The second major initiative of NATO’s Warsaw Summit was to adopt a Cyber Defence Pledge. This will help NATO to improve the process of cyber defence planning. The Pledge commits Allies to spend at least a portion of their extra investment on improving national cyber defences, even if there is no specified minimum amount. Allies have performed self-assessments of their cyber defence hygiene by reporting on seven capability areas – from strategy, organization, processes and procedures, threat intelligence, partnerships to capabilities and investments. They have been asked to bench-mark these assessments according to four levels – from advanced to basic. The national responses will allow the NATO staff to develop more precise and relevant metrics, as well as to form a more reliable common baseline of overall NATO capabilities. In turn, this greater transparency will help the NATO staff to identify gaps and prioritize requirements. On this basis the NATO Defence Planning process, which has already incorporated a set of basic cyber capability targets for each NATO member state, will be able to suggest more ambitious targets and ones more adapted to the needs of individual states in the future.

Beyond these two flagship initiatives of the Warsaw Summit, a good portion of NATO’s effort to step up its game in cyber defence, is to enhance its ability as a platform to assist the Allies across a whole spectrum of cyber defence needs. For instance, a new Memorandum of Understanding has been offered to Allies to improve intelligence-sharing, incident coordination and lessons learned from cyber attacks between NATO HQ and individual Allies. Already 21 of the 29 member states have signed this new Memorandum of Understanding.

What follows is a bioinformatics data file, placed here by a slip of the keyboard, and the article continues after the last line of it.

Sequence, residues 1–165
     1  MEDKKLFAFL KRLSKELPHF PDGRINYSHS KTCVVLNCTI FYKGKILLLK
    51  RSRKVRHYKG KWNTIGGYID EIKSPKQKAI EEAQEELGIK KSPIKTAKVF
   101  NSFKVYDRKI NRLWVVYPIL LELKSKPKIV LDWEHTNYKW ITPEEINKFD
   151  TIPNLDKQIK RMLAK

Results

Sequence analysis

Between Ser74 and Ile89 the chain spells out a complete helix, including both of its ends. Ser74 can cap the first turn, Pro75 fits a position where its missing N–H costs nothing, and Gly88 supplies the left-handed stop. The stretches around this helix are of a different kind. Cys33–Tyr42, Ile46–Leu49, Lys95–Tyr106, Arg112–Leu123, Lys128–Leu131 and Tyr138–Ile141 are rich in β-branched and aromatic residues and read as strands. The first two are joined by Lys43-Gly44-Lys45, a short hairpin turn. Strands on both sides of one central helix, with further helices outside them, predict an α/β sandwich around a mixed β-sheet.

NATO has set up a new Intelligence Division with a strong cyber threat intelligence function, which should incentivize Allies to provide more early warning and advance notice of cyber attacks or malware and not only lessons learned and post incident information. Enhanced intelligence-sharing among Allies will not only help to parry cyber attacks or to limit the damage but also to build over time a much more detailed and comprehensive picture of hacker groups, proxies, methodologies and attribution.

Next we come to people skills. One of NATO’s most useful contributions to its member states is in the organization of training and exercises to improve the skill set not only of operators in NCIRC and the NATO command structure but also national cyber defence teams. The annual Cyber Coalition exercise now attracts over four hundred participants and the Locked Shields exercise is recognized as one of the most demanding and intensive Red Team-Blue Team exercises. This year, it involved more than 800 players and was won by the Czech Republic.